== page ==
That was also the Autumn that my parents and my Poppa went on a trip to Japan. I don't know if I'd even really heard of Japan before that year. They won the trip through a Labbatt's contest, I remember my Poppa entered and grumbled about how he didn't know why since he never won anything, and a few weeks later my Mum received a phone call from Labbatt's, looking for my Poppa to let him know that he had won a trip for four to Japan! While they were away, my closest brother and I stayed with my Nana and her new husband, my Grandpa Carl. My older sister and baby brother stayed with our aunt and uncle just down the road from my Nana's. My brother and I missed my parents and Poppa like crazy but they faxed us pictures from the Hilton in Nagasaki almost every day for the two weeks they were away. It was fun getting a ride to school with my Nana everyday and having exciting lunches unlike any my Mum ever made for my brother and I. Nana sent us hot lunches and treats, cookies that my Mum had baked for us before she left for Japan. I remember feeling guilty/excited since the cookies had chocolate and peanut butter chips in them and my Nana didn't know that our school was supposed to be nut-free. I never would have and I never did tell my Nana, because I didn't want her to feel bad. As I remember those thoughts, the old familiar pit in my stomach that is the classic sign of an overdeveloped sense of guilt (especially related to food, for some unknown reason--I never was a chubby child) is strangely present now.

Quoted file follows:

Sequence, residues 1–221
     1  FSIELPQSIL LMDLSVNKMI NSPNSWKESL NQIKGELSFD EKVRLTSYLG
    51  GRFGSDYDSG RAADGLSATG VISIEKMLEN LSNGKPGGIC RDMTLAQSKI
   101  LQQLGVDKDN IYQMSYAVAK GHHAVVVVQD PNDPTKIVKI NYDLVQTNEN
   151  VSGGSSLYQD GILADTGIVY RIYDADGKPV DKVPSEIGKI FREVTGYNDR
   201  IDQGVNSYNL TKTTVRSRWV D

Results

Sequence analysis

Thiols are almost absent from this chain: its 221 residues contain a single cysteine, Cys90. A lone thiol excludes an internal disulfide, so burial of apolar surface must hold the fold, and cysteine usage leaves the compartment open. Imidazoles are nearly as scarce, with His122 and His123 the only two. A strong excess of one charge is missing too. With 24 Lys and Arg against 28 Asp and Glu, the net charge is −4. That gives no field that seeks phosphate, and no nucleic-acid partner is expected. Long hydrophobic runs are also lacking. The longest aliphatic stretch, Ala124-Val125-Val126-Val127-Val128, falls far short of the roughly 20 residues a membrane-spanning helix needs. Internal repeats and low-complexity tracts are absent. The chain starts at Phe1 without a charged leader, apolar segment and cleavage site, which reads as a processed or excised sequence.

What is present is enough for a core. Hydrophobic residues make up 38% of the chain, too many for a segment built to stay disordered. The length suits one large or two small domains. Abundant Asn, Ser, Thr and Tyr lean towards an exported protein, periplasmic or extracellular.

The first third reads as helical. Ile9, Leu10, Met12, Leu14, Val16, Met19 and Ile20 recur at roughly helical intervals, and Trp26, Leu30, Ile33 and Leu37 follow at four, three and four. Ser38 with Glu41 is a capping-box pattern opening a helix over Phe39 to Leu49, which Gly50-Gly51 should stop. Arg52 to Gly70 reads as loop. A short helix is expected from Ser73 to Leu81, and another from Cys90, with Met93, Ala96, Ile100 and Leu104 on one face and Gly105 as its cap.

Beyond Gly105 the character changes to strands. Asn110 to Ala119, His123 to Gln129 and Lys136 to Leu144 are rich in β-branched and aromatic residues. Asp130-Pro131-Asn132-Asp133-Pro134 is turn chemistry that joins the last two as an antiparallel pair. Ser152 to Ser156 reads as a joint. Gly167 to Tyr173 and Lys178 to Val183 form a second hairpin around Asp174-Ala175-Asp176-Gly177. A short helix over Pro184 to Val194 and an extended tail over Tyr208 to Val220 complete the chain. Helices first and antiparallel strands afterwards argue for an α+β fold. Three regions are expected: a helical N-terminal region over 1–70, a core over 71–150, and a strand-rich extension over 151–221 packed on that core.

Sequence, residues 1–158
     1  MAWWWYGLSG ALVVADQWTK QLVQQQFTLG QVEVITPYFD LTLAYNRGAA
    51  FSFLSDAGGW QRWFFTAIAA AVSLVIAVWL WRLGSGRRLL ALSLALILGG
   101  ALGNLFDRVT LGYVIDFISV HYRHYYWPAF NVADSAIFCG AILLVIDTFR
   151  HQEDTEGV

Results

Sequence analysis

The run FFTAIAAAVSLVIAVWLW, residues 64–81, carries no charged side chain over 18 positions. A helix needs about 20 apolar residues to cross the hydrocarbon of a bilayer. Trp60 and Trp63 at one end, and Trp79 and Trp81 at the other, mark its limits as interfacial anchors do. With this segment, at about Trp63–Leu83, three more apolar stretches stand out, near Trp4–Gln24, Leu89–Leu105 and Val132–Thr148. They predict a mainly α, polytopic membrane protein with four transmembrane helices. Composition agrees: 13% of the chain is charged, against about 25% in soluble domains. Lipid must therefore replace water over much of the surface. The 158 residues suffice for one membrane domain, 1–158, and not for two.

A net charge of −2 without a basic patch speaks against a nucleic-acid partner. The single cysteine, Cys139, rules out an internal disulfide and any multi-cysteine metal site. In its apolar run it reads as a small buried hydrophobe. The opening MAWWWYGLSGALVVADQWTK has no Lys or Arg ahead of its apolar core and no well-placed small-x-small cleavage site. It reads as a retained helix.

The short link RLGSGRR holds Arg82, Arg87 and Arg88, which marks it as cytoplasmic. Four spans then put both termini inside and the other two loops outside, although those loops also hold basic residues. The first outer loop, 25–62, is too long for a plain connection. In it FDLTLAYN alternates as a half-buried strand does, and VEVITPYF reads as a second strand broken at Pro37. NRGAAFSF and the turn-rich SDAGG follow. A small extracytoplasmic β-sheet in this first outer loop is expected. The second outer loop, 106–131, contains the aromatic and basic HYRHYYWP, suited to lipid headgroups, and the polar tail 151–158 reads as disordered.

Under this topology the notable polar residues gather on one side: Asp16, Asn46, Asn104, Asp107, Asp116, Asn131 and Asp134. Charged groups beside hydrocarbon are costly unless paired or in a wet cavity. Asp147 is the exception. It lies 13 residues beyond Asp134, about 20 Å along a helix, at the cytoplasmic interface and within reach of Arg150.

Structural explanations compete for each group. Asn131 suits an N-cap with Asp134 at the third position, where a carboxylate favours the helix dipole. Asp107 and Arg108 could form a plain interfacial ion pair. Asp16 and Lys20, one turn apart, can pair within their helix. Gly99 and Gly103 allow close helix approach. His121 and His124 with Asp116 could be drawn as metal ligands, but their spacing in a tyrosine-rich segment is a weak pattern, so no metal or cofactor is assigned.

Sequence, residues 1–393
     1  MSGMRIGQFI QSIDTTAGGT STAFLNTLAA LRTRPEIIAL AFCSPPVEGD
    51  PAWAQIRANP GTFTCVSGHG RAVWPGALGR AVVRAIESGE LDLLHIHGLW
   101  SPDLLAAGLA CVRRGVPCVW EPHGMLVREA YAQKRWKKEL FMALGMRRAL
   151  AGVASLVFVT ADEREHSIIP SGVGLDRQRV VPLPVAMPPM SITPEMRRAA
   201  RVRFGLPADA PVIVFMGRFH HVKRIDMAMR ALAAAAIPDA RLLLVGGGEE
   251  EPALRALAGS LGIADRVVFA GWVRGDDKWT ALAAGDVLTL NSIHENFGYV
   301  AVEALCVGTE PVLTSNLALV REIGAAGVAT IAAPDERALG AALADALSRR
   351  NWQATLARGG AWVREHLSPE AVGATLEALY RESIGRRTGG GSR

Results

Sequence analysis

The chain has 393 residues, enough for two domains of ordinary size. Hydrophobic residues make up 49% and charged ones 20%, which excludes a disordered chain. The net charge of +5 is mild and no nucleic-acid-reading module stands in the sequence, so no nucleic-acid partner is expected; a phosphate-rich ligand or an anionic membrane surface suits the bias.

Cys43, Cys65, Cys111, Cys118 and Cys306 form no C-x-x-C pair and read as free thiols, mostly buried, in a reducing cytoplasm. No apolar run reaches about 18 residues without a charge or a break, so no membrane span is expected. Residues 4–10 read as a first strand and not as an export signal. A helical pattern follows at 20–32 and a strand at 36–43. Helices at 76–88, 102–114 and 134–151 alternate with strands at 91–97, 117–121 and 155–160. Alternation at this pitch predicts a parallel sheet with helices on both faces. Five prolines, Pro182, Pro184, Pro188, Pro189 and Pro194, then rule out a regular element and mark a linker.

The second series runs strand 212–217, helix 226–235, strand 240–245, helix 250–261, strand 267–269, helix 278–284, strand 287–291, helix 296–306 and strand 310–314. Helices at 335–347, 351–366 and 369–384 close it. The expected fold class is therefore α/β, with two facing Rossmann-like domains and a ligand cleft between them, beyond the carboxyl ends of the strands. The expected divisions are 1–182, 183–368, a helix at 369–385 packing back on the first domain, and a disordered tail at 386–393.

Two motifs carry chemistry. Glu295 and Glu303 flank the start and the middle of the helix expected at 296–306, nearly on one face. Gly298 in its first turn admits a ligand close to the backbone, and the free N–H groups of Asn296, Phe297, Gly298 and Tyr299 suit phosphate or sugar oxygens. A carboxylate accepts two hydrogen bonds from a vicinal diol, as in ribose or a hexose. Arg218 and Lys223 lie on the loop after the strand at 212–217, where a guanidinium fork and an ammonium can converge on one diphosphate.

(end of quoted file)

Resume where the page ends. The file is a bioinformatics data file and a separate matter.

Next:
Upon my family's reunion at our house in Muskoka, we sat out on the deck in the backyard and shared stories of our time apart. I was so overwhelmed with joy to be back with my parents and my Poppa that I remember fighting with my siblings for a place on their laps, as well as for time to speak of how much I had missed them and the adventures I had had in their absence. The adults had brought back all kinds of presents for us kids, including authentic traditional kimonos for my older sister and I and wooden katanas for my little brothers. I also remember the weird candy they brought back for us that wasn't even very sweet, and looked something like chocolate covered cheesies. My parents talked about how much the locals seemed to love my Poppa, about the old Japanese widows who stopped him in the street to pray buddhist blessings over him and the hotel managers who brought him baskets and baskets of his favourite apples when he started to get sick, and how he swore the apples stopped his cold in its tracks. My Mum brought me back toy make-up and little Hello Kitty toys, purses, and school supplies before anyone in my town had even heard of Hello Kitty. My dad had bought a video camera especially for the trip and showed us videos he took in a restaurant of a man in another booth eating rice with chopsticks faster than anything he'd ever seen. You could hear my Poppa laughing loudly in the background and my Mum whispering, "Andy! You are so rude! Stop it!" to no avail. The details that I remember from this period of my life, even from the days following my parents' return from Japan is surprising to me, especially since I can't seem to recall things I've learned in classes in the past week.